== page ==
Hitler had been the head of OKW since January 1938, using it to pass orders to the navy (OKM), air force (OKL), and army (OKH). After a major crisis developed in the Battle of Moscow, Walther von Brauchitsch was dismissed (partly because of his failing health), and Hitler appointed himself as head of the OKH while still retaining his position at the OKW. At the same time, he limited the OKH's authority to the Russian front, giving OKW direct authority over army units elsewhere. This enabled Hitler to declare that only he had complete awareness of Germany's strategic situation, should any general request a transfer of resources between the Russian front and another theater of operations.
The Kriegsmarine was the navy of Nazi Germany from 1935 to 1945. It superseded the Imperial German Navy of the German Empire (1871–1918) and the inter-war Reichsmarine (1919–1935) of the Weimar Republic. The Kriegsmarine was one of three official branches, along with the Heer (Army) and the Luftwaffe of the Wehrmacht, the German armed forces from 1933 to 1945.
The Luftwaffe was the aerial warfare branch of the combined German Wehrmacht military forces during World War II. Germany's military air arms during World War I, the Luftstreitkräfte of the Army and the Marine-Fliegerabteilung of the Navy, had been disbanded in May 1920 as a result of the terms of the Treaty of Versailles which stated that Germany was forbidden to have any air force.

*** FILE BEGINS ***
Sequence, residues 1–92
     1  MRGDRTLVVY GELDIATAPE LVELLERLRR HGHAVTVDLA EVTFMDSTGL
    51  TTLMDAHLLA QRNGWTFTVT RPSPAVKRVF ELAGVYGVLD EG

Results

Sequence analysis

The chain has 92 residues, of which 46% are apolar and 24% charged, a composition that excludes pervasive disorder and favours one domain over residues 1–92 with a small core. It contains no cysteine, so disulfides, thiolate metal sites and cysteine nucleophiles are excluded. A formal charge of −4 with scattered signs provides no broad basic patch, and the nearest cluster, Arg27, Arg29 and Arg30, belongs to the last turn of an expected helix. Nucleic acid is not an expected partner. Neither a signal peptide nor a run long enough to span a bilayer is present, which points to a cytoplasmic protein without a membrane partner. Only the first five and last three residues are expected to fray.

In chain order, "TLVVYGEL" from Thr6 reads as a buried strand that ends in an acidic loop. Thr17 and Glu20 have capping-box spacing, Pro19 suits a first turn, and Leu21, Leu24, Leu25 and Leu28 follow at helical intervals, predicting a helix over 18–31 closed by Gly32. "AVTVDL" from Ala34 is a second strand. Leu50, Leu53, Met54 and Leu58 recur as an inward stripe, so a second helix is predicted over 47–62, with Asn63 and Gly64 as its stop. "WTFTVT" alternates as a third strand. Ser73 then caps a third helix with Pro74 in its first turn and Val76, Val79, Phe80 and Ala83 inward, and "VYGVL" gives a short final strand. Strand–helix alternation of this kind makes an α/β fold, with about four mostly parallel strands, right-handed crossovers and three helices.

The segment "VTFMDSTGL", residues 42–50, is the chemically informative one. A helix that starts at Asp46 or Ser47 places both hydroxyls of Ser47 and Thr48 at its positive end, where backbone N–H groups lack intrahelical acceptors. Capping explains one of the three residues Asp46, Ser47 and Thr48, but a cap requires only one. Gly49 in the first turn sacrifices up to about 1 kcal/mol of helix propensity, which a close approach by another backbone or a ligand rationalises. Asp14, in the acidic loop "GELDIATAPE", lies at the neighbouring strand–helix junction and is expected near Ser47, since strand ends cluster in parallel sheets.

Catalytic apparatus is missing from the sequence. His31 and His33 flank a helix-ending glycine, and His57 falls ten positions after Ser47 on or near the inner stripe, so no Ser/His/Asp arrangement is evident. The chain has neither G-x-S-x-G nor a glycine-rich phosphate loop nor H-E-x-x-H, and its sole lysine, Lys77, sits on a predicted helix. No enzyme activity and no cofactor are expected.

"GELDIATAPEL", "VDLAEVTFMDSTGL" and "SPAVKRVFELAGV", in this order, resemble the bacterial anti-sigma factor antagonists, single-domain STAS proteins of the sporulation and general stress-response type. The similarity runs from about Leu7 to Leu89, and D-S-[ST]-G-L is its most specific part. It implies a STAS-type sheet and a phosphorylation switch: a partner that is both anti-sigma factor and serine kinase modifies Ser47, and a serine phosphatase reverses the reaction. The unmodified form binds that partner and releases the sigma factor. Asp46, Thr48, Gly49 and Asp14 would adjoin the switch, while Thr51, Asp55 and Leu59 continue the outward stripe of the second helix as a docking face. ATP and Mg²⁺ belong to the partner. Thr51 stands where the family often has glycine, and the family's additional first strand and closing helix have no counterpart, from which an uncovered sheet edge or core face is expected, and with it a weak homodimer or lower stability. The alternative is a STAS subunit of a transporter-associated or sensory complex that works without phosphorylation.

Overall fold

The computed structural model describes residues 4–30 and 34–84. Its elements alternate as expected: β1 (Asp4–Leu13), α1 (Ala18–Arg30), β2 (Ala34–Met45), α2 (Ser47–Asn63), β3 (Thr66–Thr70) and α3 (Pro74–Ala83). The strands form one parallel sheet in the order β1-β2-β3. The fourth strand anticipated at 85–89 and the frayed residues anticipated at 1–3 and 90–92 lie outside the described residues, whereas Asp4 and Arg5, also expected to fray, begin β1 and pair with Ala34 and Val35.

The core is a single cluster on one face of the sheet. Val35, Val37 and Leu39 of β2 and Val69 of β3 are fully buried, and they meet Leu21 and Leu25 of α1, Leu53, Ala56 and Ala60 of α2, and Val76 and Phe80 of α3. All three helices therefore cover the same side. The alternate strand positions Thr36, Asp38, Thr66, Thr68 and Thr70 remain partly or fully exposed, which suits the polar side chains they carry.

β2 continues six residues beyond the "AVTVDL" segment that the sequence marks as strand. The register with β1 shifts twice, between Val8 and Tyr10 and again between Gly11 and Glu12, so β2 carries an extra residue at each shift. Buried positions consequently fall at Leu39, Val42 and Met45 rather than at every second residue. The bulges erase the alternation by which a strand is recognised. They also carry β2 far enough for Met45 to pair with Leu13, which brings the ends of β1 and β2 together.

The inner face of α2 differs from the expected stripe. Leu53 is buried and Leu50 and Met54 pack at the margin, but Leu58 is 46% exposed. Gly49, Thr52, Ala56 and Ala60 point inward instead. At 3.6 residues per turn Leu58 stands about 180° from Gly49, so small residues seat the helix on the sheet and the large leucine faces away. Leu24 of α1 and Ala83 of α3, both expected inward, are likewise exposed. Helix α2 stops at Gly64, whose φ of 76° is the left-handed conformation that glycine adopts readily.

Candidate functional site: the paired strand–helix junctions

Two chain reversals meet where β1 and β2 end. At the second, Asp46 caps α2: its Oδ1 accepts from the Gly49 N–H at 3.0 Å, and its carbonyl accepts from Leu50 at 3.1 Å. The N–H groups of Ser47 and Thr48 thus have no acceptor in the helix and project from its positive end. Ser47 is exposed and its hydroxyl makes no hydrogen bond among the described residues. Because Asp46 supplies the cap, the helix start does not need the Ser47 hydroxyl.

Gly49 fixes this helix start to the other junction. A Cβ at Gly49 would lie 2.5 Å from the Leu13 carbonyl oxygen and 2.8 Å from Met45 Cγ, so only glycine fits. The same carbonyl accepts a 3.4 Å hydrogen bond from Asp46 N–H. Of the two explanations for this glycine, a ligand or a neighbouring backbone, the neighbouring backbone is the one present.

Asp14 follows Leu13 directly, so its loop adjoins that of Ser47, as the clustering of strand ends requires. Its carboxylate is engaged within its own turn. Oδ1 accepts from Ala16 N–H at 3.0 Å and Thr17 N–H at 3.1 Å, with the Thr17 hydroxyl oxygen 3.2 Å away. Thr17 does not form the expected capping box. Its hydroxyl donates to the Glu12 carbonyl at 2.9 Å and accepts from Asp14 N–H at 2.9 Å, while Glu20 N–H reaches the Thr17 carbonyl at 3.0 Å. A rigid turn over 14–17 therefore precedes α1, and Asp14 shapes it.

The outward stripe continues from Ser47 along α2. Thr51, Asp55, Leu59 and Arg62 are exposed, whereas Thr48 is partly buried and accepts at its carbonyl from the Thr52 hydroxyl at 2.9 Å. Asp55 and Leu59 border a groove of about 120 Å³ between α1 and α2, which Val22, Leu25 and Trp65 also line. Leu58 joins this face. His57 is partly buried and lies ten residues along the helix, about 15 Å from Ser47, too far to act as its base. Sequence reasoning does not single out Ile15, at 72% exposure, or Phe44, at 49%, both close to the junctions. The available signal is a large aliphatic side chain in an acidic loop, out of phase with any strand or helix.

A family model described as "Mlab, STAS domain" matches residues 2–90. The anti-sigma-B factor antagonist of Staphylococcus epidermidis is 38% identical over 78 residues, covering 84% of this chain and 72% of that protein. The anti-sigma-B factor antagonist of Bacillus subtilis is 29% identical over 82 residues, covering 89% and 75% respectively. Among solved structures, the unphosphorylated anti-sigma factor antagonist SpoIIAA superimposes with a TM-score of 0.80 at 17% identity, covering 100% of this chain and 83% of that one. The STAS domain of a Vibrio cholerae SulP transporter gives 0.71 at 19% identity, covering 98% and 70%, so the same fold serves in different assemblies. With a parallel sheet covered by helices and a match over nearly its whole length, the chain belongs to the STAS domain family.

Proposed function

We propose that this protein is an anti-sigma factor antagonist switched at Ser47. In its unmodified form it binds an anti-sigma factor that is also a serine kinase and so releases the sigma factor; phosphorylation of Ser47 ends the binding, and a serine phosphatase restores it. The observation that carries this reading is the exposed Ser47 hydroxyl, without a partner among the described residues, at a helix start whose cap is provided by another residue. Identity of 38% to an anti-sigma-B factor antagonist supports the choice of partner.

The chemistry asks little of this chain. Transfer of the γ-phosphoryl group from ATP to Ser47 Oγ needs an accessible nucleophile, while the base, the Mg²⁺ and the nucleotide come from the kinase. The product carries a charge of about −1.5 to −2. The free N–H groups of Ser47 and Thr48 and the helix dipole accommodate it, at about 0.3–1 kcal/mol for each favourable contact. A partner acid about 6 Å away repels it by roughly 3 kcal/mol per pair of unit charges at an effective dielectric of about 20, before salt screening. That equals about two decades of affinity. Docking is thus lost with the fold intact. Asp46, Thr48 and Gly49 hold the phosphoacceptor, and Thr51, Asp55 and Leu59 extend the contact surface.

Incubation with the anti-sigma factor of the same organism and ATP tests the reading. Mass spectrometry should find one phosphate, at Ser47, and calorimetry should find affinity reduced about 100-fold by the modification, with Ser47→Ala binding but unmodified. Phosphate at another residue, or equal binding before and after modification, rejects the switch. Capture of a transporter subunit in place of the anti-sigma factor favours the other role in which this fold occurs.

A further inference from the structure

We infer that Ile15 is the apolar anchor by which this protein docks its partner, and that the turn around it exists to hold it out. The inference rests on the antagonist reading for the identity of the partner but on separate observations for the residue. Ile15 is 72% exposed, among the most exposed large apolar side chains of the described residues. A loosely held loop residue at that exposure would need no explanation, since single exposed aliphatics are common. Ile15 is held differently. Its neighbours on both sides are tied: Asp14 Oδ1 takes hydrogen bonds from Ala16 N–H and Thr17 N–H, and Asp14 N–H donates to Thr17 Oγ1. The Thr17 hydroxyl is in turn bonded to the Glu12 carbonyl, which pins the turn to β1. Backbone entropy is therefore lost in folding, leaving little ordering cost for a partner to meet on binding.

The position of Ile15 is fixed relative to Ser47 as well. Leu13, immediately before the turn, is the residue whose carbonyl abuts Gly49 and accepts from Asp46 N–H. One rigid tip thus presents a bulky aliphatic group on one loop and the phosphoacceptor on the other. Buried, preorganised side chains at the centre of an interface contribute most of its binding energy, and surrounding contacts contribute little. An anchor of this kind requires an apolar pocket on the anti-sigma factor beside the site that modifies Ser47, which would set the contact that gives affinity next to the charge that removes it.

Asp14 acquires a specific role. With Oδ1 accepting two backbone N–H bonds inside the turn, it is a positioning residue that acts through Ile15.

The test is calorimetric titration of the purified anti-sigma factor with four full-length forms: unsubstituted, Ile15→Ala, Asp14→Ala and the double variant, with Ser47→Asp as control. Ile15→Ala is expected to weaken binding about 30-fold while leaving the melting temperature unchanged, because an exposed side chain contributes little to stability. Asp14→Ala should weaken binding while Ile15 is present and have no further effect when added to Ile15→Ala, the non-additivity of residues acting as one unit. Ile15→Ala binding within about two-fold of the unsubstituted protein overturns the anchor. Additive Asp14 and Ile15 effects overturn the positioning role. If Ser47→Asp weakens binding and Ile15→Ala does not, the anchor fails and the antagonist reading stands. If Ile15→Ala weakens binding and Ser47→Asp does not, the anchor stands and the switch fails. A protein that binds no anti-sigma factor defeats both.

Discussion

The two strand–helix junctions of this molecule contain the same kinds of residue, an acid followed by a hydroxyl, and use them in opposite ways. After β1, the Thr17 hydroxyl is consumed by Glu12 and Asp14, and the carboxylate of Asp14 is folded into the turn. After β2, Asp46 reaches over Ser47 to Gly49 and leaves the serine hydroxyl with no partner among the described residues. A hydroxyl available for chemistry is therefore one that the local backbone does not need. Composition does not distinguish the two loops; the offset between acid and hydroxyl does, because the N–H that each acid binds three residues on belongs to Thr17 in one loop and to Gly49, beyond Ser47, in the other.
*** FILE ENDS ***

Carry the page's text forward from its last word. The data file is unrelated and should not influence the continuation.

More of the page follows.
The Battle of Moscow was a military campaign that consisted of two periods of strategically significant fighting on a 600 km (370 mi) sector of the Eastern Front during World War II. It took place between October 1941 and January 1942. The Soviet defensive effort frustrated Hitler's attack on Moscow, the capital and largest city of the Soviet Union. Moscow was one of the primary military and political objectives for Axis forces in their invasion of the Soviet Union.
The Commander-in-Chief of the Army (German : Oberbefehlshaber des Heeres) was the head of the OKH and the German Army during the years of the Nazi regime. Supreme Commanders of the Army were:
German is a West Germanic language that is mainly spoken in Central Europe. It is the most widely spoken and official or co-official language in Germany, Austria, Switzerland, South Tyrol (Italy), the German-speaking Community of Belgium, and Liechtenstein. It is also one of the three official languages of Luxembourg and a co-official language in the Opole Voivodeship in Poland. The languages which are most similar to German are the other members of the West Germanic language branch: Afrikaans, Dutch, English, the Frisian languages, Low German/Low Saxon, Luxembourgish, and Yiddish. There are also strong similarities in vocabulary with Danish, Norwegian and Swedish, although those belong to the North Germanic group. German is the second most widely spoken Germanic language, after English.
|№||Officeholders||Took office||Left office||Time in office|
Werner von Fritsch
|1 January 1934||4 February 1938||4 years, 34 days|
Walther von Brauchitsch
|4 February 1938||19 December 1941||3 years, 318 days|
|3||Führer and Reich Chancellor|
|19 December 1941||30 April 1945 †||3 years, 132 days|